o Older FIAP youths were significantly more likely than their SP peers to be in permanency settings with their parents, relatives, adoptive parents, or living on their own
o The subset of children who had histories of incarceration and running away, spent fewer days per year, on average, on runaway or incarceration status during the post intervention period than did the SP children.”
A comprehensive discussion of Wraparound is included in the document entitled Systems of Care – Promising Practices in Children’s Mental Health – Promising Practices in Wraparound for Children with Serious Emotional Disturbance and Their Families (1998, Volume IV), a publication of Child, Adolescent and Family Branch, Division of Knowledge Development and Systems Change, Center for Mental Health Services, Substance Abuse and Mental Health Services Administration, U.S.
Department of Health and Human Services.
o Chapter III: Three Wraparound Models as Promising Approaches, by Sybil K. Goldman, M.S.W., and Leyla Faw, B.S., includes a description of EMQ Children & Family Services’ Wraparound Program in Santa Clara County.
o EMQ Children & Family Services Program UPLIFT -- EMQ’s Wraparound program in detail, and program outcomes.
Finally, the President’s New Freedom Commission on Mental Health – Achieving the Promise: Transforming Mental Health Care in America – Final Report July 2003, states: “An exemplary program that expressly targets children with serious emotional disturbances and their families, Wraparound Milwaukee strives to integrate services and funding for the most seriously affected children and adolescents... Most program participants are racial or ethnic minority youth in the child welfare and juvenile justice systems. Wraparound Milwaukee demonstrates that the seemingly impossible can be made possible: children’s care can be seamlessly integrated. The services provided to children not only produce better clinical results, reduce delinquency, and result in fewer hospitalizations, but are cost-effective.” (Page 35)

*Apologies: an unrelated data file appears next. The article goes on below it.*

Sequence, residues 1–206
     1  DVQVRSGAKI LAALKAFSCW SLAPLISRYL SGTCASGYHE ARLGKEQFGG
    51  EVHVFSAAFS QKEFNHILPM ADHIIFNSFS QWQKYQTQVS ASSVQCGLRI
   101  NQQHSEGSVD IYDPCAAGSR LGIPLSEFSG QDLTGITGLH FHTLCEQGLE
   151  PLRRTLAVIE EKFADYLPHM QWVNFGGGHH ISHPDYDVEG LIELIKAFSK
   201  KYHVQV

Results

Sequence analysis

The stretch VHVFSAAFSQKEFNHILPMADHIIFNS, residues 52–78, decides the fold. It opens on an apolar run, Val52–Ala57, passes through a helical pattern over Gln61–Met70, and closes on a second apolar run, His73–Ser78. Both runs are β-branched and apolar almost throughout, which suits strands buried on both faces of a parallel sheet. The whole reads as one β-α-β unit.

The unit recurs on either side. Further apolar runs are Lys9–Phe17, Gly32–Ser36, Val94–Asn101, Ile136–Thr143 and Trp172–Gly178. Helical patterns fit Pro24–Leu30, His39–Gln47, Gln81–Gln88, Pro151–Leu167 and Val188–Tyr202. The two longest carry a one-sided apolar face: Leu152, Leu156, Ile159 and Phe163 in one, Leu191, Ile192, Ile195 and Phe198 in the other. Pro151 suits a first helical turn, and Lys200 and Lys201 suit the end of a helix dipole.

o Under the heading End Unnecessary Institutionalization, the report states,
“The Commission calls for swiftly eliminating unnecessary and inappropriate institutionalization that severely limits integrating adults with serious mental illnesses and children with serious emotional disturbances into their communities.” (Page 45)